Response scenarios of households to drought-driven food shortage in a semi-arid area in South Africa
Akpalu, Delali Adjoa
The goal of this research report was to profile the coping strategies of households in Thorndale to the effects and impacts of the 2002/2003 drought. Thorndale, the study site is prone to drought and thus experiences severe drought almost every year. The rationale behind the selection of Thorndale for the study was based on this fact, in addition to the fact that the study area is relatively unstudied. The study’s major findings included inadequate agricultural extension service delivery in the community, while the drought’s impacts were economic, social, nutritional and health, food shortage, environmental and wildlife. The most significant and largest impact was water shortage. These impacts led to increased household dependency on the natural capital component of livelihoods in addition to prostitution and the community’s institutional arrangements. The main constraints households encountered in response to the drought’s impacts included the lack of employment opportunities, financial and infrastructural problems among others. It is recommended that with respect to food security, efforts should be made to ensure the trickle down effect of national level assessment of vulnerability on annual basis to rural households in South Africa’s drought-prone areas including Thorndale, in order to improve timely and practical solutions to issues of food insecurity. Furthermore, it should be ensured that the national level benefits of early warning systems trickle down to the local and community levels including Thorndale. Additionally, agricultural extension service delivery in the community needs to be improved.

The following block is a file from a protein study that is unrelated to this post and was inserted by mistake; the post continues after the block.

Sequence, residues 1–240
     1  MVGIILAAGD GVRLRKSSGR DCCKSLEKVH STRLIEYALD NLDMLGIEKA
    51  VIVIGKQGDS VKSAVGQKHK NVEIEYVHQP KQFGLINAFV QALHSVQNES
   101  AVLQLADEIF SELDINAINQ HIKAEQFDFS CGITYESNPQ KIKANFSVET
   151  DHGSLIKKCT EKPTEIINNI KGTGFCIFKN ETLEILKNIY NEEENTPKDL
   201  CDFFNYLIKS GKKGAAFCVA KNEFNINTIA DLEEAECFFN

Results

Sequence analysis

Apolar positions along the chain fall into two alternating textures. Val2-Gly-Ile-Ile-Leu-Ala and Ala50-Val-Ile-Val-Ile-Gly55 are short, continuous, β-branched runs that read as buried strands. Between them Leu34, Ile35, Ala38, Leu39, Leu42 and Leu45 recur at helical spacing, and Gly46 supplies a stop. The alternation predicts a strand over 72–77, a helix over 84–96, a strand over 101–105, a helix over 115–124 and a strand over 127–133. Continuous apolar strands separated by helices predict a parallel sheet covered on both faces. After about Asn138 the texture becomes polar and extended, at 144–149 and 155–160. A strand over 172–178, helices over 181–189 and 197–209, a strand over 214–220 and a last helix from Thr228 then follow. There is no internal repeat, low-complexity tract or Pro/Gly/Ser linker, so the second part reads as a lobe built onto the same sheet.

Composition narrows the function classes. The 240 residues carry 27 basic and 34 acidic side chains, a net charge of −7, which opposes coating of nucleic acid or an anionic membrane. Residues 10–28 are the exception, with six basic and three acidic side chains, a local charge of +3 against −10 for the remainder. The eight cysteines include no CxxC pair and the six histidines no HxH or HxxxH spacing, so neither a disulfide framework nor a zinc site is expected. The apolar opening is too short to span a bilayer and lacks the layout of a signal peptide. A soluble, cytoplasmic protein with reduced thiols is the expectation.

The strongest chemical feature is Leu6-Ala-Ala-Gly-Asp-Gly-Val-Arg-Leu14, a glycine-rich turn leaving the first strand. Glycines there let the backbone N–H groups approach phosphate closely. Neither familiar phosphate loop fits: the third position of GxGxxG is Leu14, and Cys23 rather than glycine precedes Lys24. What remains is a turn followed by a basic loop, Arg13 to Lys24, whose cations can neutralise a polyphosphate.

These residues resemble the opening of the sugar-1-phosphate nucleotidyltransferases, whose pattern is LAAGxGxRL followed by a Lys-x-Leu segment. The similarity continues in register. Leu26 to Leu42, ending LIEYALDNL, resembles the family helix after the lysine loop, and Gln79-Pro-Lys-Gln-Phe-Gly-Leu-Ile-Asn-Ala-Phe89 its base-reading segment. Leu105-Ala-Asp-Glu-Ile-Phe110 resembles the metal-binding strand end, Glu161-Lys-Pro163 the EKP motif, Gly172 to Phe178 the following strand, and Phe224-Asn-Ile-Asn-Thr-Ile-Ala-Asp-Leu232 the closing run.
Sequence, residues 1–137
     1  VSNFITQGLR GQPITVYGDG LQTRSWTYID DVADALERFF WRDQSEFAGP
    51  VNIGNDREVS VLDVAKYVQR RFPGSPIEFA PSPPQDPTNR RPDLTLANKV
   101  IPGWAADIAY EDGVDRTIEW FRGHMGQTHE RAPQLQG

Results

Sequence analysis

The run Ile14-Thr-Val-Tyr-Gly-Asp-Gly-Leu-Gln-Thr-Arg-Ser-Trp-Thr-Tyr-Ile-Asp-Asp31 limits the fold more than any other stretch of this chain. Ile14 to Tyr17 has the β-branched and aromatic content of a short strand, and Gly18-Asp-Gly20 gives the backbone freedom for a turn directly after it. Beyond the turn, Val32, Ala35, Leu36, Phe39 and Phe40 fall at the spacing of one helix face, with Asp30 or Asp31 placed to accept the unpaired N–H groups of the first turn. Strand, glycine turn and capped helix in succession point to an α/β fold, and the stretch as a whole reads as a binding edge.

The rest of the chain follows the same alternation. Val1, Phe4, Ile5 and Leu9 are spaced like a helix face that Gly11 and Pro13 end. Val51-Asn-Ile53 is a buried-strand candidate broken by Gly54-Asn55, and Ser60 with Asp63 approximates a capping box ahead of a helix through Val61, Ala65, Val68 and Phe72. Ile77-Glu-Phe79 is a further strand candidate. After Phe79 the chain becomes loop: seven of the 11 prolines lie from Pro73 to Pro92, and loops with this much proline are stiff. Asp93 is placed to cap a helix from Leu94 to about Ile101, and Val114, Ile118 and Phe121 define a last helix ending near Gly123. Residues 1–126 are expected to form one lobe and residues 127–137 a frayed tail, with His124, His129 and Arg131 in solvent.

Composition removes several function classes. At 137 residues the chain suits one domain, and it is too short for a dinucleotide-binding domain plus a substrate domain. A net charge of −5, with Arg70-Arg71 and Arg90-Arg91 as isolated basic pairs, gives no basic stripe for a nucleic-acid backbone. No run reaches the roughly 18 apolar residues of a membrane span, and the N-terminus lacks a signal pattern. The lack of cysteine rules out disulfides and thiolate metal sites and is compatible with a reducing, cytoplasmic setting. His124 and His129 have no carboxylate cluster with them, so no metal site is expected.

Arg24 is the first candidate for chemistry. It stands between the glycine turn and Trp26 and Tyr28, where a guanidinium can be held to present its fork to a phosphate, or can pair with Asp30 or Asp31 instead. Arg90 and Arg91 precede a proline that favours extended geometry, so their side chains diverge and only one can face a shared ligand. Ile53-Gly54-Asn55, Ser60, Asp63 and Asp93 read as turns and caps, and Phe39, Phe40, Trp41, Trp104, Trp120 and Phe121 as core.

Student Number : 0414810F - MA research report - School of Social Sciences - Faculty of Humanities
drought, rural people, perception, food shortage, vulnerability, responses, livelihoods, institutional arrangements, adaptation, resilience